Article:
Eating is an important part of our existence. We used to eat for survival. Some of us still do (listen, I haven’t technically eaten since last night… and it’s been a long hard day which included a 2-hour powerlifting training in addition to half a dozen calls with my clients)! But eating has become more of a lifestyle than what it used to be. And I’m totally fine with that transition. In fact, just glad that eating is fashionable!
Jokes apart — one of my major annoyances when it comes to eating is that almost every other person is on a diet. And almost all of them whine and complain either about their diets or that it isn’t working for them.
One needs to consider a couple of aspects for any diet to work:
- It’s a short-term strategy aimed at a specific goal (most likely fat-loss)
- A focus on balance while cutting out (or adding in, if you’re a hard-gainer or just “believe” that bulking is the way to go) calories
- BONUS: you out to enjoy the process. If you’re not, you’re trying way harder than needed.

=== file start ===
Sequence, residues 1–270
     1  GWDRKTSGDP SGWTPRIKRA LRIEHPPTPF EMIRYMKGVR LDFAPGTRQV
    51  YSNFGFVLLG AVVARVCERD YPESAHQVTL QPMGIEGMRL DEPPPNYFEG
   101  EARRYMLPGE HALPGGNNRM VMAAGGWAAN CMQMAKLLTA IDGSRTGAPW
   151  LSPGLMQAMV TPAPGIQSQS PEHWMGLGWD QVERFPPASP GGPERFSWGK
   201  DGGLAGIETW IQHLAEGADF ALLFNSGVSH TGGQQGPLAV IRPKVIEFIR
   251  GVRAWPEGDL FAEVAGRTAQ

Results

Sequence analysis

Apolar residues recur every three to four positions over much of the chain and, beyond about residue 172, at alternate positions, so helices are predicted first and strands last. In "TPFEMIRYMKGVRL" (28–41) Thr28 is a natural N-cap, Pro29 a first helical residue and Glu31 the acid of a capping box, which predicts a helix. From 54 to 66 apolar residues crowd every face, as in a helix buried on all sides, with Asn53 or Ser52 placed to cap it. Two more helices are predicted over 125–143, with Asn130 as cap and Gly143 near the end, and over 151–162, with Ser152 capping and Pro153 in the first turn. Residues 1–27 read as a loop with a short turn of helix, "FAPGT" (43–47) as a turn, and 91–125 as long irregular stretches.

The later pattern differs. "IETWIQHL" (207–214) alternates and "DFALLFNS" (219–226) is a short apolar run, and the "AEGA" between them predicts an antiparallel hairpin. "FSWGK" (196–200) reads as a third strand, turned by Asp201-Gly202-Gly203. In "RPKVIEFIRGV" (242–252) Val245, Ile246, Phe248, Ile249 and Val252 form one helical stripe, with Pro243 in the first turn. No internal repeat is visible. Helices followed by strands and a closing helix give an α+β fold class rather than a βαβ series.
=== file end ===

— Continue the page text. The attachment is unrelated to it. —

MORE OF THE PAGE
That’s it! Sweet a simple. I don’t want to slap one evidence after the other to prove this point. I have a commonsensical approach towards both exercise and nutrition. And yes, life in general (for the most part, if I say so myself).
I don’t see a point in starving myself (almost, since I’m not fasting only undereating) and then eat like a bird! I’ll feast (without going overboard) on clean foods and that’s a choice that I make. By the way, clean food tastes a helluva lot better than junk food. Another choice that I have is to set a calorie intake a ensure that I stick with my macros. All this while I enjoy what I eat.
Do I need a label for this? Nope. But then I don’t need on either.
Sorry I digressed, I think the best strategy for every dieter out there would be to go easy and not extreme. Someone who wants to shred down to a 5% body fat is either a professional bodybuilder (who’s got his meal preps and diet tied down to the knot by the way) or insane (and needs therapy). If you want to follow a diet ask WHY you want to do it and WHAT can you do to enjoy the process.
And for sanity’s sake — any diet longer than 10-12 weeks isn’t sustainable. The Warrior Diet and the Slow-carb diet can become part of a lifestyle but it’s not the same with Ketogenic or low-carb or any other extreme form of dieting.
Use your head. Follow your heart (with some restraint, of course).